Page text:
Hurricane Katrina and the Forgotten Coast of Mississippi

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Hurricane Katrina slammed into the Gulf Coast in August 2005 with devastating consequences. Almost all analyses of the disaster have been dedicated to the way the hurricane affected New Orleans. This volume examines the impact of Katrina on southern Mississippi. While communities along Mississippi's Gulf Coast shared the impact, their socioeconomic and demographic compositions varied widely, leading to different types and rates of recovery. This volume furthers our understanding of the pace of recovery and its geographic extent, and explores the role of inequalities in the recovery process and those antecedent conditions that could give rise to a 'recovery divide'. It will be especially appealing to researchers and advanced students of natural disasters and policy makers dealing with disaster consequences and recovery.
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About the author

Susan L. Cutter is Carolina Distinguished Professor of Geography at the University of South Carolina and Director of the Hazards and Vulnerability Research Institute. Her primary research interests are in the area of hazard vulnerability/resilience science. She has authored or edited 12 books and more than 150 peer-reviewed articles and book chapters. Dr Cutter serves on many national and international advisory boards and committees, including the US National Research Council, US National Science Foundation, Intergovernmental Panel on Climate Change, and the Science Committee of the Integrated Research on Disaster Risk Program. She is an executive editor of Environment and associate editor for Weather, Climate, and Society. In 2010, Dr Cutter received the Lifetime Achievement Award from the Association of American Geographers, and in 2013 she was a recipient of the prestigious Southeastern Conference Faculty Achievement Award. Her most recent book is Hazards, Vulnerability, and Environmental Justice (2006).

Christopher T. Emrich is a Research Assistant Professor in the Hazards and Vulnerability Research Institute at the University of South Carolina. His primary research interests are in the development and application of geospatial technologies in emergency management. He has taught at the University of South Florida and worked for FEMA as a Mitigation GIS Specialist at the Florida Disaster Field Office (2004–5), GIS Unit Leader for the Jackson Mississippi Joint Field Office (2006), GIS Unit Leader for the Florida Long Term Recovery Office (2006–7), and as a geospatial liaison to FEMA headquarters for the New Orleans Gulf Coast Recovery Office during the run-up to the three-year anniversary of Hurricane Katrina.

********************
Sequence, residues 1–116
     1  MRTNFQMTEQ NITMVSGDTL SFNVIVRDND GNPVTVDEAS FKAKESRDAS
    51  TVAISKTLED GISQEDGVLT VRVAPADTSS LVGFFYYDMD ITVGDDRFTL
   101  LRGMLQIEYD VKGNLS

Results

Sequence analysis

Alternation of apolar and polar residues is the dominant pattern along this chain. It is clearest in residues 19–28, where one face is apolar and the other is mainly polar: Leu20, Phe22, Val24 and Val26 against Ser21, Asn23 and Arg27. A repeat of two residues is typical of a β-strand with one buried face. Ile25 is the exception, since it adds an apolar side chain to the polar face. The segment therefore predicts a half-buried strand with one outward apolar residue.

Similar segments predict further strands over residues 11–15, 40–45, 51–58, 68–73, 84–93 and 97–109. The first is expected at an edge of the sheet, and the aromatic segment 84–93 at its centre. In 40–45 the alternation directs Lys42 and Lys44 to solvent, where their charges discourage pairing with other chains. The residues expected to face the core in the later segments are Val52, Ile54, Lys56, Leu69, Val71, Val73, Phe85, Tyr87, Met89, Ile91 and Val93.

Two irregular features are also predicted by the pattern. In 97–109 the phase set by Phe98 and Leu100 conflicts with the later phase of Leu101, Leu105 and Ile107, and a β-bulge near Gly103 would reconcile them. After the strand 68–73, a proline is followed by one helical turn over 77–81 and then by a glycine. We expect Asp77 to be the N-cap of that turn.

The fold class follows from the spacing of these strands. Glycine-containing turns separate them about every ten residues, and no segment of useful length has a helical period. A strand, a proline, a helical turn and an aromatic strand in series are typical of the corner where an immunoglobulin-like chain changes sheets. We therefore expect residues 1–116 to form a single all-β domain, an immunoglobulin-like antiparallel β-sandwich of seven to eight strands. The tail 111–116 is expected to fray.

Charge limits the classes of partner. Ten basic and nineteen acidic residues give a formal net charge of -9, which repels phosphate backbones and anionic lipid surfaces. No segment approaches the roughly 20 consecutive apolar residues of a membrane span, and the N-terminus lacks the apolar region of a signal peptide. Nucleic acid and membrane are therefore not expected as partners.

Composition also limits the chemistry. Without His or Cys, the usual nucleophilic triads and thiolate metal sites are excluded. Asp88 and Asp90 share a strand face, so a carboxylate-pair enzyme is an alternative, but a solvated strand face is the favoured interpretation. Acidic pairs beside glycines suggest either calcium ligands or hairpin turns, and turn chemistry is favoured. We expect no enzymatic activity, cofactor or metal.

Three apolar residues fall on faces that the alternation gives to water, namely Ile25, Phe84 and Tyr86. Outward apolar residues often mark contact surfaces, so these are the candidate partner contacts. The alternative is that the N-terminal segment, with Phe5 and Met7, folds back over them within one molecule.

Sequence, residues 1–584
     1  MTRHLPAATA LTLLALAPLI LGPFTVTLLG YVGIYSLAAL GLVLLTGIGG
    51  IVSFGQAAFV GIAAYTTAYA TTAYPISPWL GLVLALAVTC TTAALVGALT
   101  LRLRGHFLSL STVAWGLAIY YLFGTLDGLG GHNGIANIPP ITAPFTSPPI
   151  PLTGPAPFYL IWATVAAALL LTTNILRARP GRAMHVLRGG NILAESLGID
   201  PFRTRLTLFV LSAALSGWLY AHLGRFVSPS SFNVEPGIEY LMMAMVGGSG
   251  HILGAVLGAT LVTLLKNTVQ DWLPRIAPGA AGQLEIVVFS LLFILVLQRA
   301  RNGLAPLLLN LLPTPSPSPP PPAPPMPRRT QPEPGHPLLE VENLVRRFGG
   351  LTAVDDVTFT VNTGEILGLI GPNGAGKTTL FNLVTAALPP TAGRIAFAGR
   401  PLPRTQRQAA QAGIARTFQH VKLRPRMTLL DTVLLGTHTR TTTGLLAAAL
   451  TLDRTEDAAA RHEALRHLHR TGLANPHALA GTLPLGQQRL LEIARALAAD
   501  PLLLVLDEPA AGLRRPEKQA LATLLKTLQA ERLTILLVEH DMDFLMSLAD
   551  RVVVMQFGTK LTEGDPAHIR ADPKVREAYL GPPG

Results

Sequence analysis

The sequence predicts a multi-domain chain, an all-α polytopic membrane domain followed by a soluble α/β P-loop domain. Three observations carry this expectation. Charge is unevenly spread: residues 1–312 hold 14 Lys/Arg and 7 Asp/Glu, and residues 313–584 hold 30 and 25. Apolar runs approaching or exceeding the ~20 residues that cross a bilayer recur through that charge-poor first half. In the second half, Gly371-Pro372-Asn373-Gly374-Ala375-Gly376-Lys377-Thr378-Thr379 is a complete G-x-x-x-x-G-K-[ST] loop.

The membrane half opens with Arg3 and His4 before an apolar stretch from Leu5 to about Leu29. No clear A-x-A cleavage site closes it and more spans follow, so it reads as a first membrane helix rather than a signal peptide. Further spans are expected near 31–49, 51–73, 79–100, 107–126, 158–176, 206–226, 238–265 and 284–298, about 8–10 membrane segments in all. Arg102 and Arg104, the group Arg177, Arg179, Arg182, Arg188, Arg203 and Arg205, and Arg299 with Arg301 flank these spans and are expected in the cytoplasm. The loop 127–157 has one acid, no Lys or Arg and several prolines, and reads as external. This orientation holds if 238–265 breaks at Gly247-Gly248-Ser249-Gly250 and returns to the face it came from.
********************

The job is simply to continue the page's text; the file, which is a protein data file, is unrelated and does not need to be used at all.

Jerry T. Mitchell is the Director of the Center of Excellence for Geographic Education and a Research Associate Professor at the Hazards and Vulnerability Research Institute, both at the University of South Carolina. He is also editor of the Journal of Geography. His primary research interests lie in cultural responses to disaster, the use of geospatial technologies for vulnerability assessments, and hazards education. Prior to joining the University of South Carolina faculty in 2004, he was an Associate Professor of Geography at Bloomsburg University. He was awarded a Distinguished Teaching Achievement award from the National Council for Geographic Education in 2012.

Walter W. Piegorsch is the Director of Statistical Research and Education at the University of Arizona's BIO5 Institute. He is also a Professor of Mathematics, Professor of Public Health, and former Chair of the University's Graduate Interdisciplinary Program in Statistics, and he holds accreditation as a Professional Statistician from the American Statistical Association. His research focuses on environmental data analytics, with emphasis on environmental hazards and risk assessment. He is the editor-in-chief of the journal Environmetrics, former joint-editor of the Journal of the American Statistical Association (Theory and Methods Section) and has served on numerous other editorial and scientific review boards. His most recent book is Encyclopedia of Environmetrics, 2nd edition (2012).

Mark M. Smith is Carolina Distinguished Professor of History at the University of South Carolina. A specialist in southern history, race relations and sensory history, he has authored or edited a dozen books, including, most recently, Camille, 1969: Histories of a Hurricane (2011). His work has been featured in The New York Times, The Times, Science, Brain, and the Chronicle of Higher Education. A former president of The Historical Society, Professor Smith has lectured in China, Australia, Europe, and throughout the United States. He regularly reviews books for The Wall Street Journal.